U.S. Sens. Angus King and Susan Collins are supporting a bill in Congress that would help Maine businesses struggling to find seasonal employees by easing regulations on temporary foreign workers.

The bill, Save our Small and Seasonal Businesses Act of 2017, was introduced by King and Sen. Thom Tillis, R-N.C. It would exempt foreign nationals who have previously worked in the U.S. from counting against the annual cap of workers allowed into the U.S. through the H-2B visa program. The program is typically used by seasonal, nonagricultural workers.

U.S. businesses met the visa cap in March.

“If we can at least get our returning workers back, that would alleviate some of the pressure,” said Steve Hewins, executive director of the Maine Innkeepers Association and Maine Restaurant Association.

Foreign seasonal workers make up about 10 percent – or 7,000 to 8,000 people – of Maine’s summer hospitality workforce, Hewins said.

The U.S. allows 66,000 total H-2B visa holders into the country a year, divided evenly between two halves of the fiscal year. The 33,000 visa cap for summer workers was reached March 13, according to U.S. Citizenship and Immigration Services. To qualify for the program, businesses must prove there are not enough U.S. workers to fill temporary jobs, among other restrictions.


In previous years, returning seasonal workers were exempt from the cap, but that exemption was not extended in 2017.

“Small businesses across Maine often rely on seasonal workers to help them operate, especially during the busy summer months,” King said in a written statement. “But today, bureaucratic failures within the H-2B program are standing in the way of our businesses succeeding or even keeping their doors open. If this is not fixed, it could have very serious consequences for Maine’s economy.”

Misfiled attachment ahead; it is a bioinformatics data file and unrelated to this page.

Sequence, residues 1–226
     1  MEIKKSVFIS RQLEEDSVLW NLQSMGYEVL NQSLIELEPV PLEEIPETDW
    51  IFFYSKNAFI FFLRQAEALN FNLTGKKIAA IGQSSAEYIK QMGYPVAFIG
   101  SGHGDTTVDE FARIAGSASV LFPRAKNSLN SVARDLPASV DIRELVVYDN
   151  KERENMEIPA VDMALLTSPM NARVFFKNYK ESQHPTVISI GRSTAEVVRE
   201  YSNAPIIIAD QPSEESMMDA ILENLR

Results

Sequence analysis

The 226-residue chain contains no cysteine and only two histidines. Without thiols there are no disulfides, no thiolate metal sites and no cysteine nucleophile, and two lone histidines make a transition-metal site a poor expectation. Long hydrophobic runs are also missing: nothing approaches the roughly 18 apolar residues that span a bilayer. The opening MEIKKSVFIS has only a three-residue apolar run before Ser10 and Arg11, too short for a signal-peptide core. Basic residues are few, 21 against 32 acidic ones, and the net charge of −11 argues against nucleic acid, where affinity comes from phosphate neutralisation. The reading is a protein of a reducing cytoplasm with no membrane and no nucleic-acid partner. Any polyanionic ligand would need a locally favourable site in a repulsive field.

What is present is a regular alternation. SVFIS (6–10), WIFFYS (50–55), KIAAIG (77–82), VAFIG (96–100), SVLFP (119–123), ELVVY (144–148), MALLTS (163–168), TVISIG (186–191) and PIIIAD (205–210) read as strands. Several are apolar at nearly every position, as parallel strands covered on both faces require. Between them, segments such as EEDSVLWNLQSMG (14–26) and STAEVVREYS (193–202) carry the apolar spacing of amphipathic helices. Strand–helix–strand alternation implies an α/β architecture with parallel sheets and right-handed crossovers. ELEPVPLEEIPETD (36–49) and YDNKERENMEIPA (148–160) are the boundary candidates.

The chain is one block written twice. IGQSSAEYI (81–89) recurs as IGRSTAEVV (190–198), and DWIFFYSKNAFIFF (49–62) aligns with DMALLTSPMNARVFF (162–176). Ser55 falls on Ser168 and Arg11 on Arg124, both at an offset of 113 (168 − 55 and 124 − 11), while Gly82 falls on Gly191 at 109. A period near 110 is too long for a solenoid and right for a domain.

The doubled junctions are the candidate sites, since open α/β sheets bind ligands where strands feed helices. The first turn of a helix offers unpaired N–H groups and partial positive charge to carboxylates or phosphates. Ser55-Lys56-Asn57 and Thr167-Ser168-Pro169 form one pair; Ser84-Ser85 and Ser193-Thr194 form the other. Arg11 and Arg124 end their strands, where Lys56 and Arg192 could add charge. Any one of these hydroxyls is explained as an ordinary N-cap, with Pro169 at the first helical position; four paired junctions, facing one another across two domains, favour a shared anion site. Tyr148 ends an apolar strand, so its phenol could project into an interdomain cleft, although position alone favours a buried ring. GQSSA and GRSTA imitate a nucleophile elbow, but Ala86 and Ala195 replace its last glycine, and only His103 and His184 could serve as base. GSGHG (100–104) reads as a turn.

The new restrictions mean businesses that rely on H-2B visa holders are facing a worker shortage just as they try to get ready for the busy summer season, Hewins said. Some hotels and restaurants are delaying opening or staying open fewer days in the week to stretch the workforce they have, he added. Maine has a low unemployment rate and rising wages, creating hot competition in the labor market.

Maine’s hospitality industry had a record-breaking year in 2016, taking in $3.6 billion, a 7 percent increase over the previous year. Record revenues were helped by a strong tourism economy, which brought in 35.8 million visitors to the state in 2016.

A shortage of workers, however, might dampen more growth this year, Hewins said.

In early March, a group of lawmakers including Collins and King sent a letter to Secretary of Homeland Security John Kelly asking him to conduct an audit of the H-2B visa program to see if there were any unused visas from the first half of the fiscal year that could be made available for businesses trying to find workers. In 2015, UCIS found more than 5,000 unused visas after the cap was reached and began accepting applications for them.

King and Tillis’ bill would also streamline the H-2B program to make it more transparent and require increased cooperation between federal agencies.

“By streamlining the application process and codifying the returning worker exemption, which has been vital to Maine’s seasonal businesses, our legislation will help protect American workers and allow Maine’s small businesses to thrive,” Collins said in a written statement.


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